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Growing up in America for the first 13 years left me with a small view of the world. In American public school, people around me would create stereotypes about all kinds of things: people, animals, and places. Some of those stereotypes I regrettably took in and thought were true during my time in the U.S. The biggest stereotype that I took was about Africa as a whole. My friends believed Africa was a poor place filled with huts, poor people, barren plant life, and animals casually walking around the streets. We would make jokes of this sort, really thinking that this is what Africa was like. This perception of Africa that I had was wholly changed when I moved there and saw what it was like with my own eyes, unfiltered by the media and American society. It started to change when I first landed in Addis Ababa, Ethiopia. When leaving the airport, the first thing I saw were many tall buildings and skyscrapers. A lot of them were being built during that time. I was shocked the first time this happened. The second thing I noticed was that there weren’t lions and giraffes roaming the streets. The streets were filled with people going to work and shops that sold electronics, food, appliances, and many more. In fact, In Ethiopia, you have to drive multiple hours out of Addis to see any kind of exotic animal. The next thing I noticed was that almost half the buildings were skyscrapers under construction. Although there is much poverty in Ethiopia, I could see that the economy was developing fast, and the infrastructure had improved. My biggest takeaway was the culture I learned about in Addis. I learned that Ethiopia is pretty famous when it comes to coffee. Ethiopia is one of the first civilizations to mass-produce coffee and make it popular. The first time I tried Ethiopian coffee, I loved it. The smell was the strongest I've smelled from coffee before. The taste of it was the perfect balance between bitter and sweet. Whenever I smell it, it brings me back to my vacation at Lake Langano. Reminding me of the sunrise while sipping on coffee. Ethiopian coffee has been brewed to perfection over centuries. It's perfect. I have never had better coffee, and I never will. There is an authentic coffee culture in itself in Ethiopia. People have Coffee Ceremonies in Ethiopia during critical events or just in someone’s spare time. These ceremonies have the participants dress in traditional Ethiopian clothing and brew coffee with traditional coffee sets. It is an extraordinary event that only happens during special occasions like weddings. I experienced a wide variety of holidays celebrated only in Ethiopia.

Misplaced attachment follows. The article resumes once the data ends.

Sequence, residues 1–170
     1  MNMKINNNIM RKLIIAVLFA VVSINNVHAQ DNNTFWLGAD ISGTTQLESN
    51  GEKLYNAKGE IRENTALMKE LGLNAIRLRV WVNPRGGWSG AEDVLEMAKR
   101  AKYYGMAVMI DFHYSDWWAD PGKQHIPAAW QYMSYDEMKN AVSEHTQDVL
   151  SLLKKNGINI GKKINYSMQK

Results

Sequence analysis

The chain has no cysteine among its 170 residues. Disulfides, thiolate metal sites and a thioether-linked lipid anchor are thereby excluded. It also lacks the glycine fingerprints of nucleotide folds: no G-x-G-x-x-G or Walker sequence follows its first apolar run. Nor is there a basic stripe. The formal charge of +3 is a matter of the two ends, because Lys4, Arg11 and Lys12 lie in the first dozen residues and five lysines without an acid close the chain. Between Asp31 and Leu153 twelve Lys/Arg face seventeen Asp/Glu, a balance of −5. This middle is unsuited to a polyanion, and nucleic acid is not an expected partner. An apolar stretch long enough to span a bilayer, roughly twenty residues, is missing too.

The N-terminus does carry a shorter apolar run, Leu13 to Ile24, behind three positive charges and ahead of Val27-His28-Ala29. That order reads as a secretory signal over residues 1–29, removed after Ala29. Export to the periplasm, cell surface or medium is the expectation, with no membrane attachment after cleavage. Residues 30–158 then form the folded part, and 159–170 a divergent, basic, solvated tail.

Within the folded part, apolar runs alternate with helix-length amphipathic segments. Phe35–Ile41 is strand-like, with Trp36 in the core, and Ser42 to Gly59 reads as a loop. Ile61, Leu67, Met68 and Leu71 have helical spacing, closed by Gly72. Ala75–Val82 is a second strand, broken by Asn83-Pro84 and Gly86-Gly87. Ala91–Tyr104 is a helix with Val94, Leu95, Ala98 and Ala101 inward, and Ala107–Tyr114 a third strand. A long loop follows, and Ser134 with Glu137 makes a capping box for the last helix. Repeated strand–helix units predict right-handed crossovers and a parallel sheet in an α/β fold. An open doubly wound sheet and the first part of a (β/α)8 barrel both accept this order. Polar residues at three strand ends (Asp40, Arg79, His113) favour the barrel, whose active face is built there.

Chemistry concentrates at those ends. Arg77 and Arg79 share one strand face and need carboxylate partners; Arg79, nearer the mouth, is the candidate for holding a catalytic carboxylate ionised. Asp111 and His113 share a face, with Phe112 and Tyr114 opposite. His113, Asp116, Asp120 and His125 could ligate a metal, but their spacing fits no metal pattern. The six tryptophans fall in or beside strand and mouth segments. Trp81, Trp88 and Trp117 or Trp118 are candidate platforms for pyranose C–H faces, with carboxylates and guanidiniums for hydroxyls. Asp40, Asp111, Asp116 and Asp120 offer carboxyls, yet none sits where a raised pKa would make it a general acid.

One is the Ethiopian new year. Ethiopia has had its calendar that they follow for years now, and they celebrate whenever the year is complete. There is also Meskel. Meskel is a Christian holiday where Everyone in Ethiopia gathers up wood, puts it into a massive pile that resembles a tree, lights the pile on fire, and then dances around the mound. I noticed about the holidays in Ethiopia that most are centered around Ethiopian Orthodox. Ethiopian Orthodox in itself is interesting. There is a whole holiday centered around the ark of the Covenant. The Ethiopian church has a massive parade where priests bring around the ark. Ethiopia is also said to be one of the first places to practice Christianity. After moving to Ethiopia, I unlocked a part of myself that I never knew I had. I became mentally aware of the world. I learned that the U.S isn’t the only civil society. I learned that Africa has so much to offer and is more than the stereotypes ingrained into people through ignorance.

© Declan Bolton. All rights reserved. If you are interested in quoting this story, contact the national team and we can put you in touch with the author’s teacher.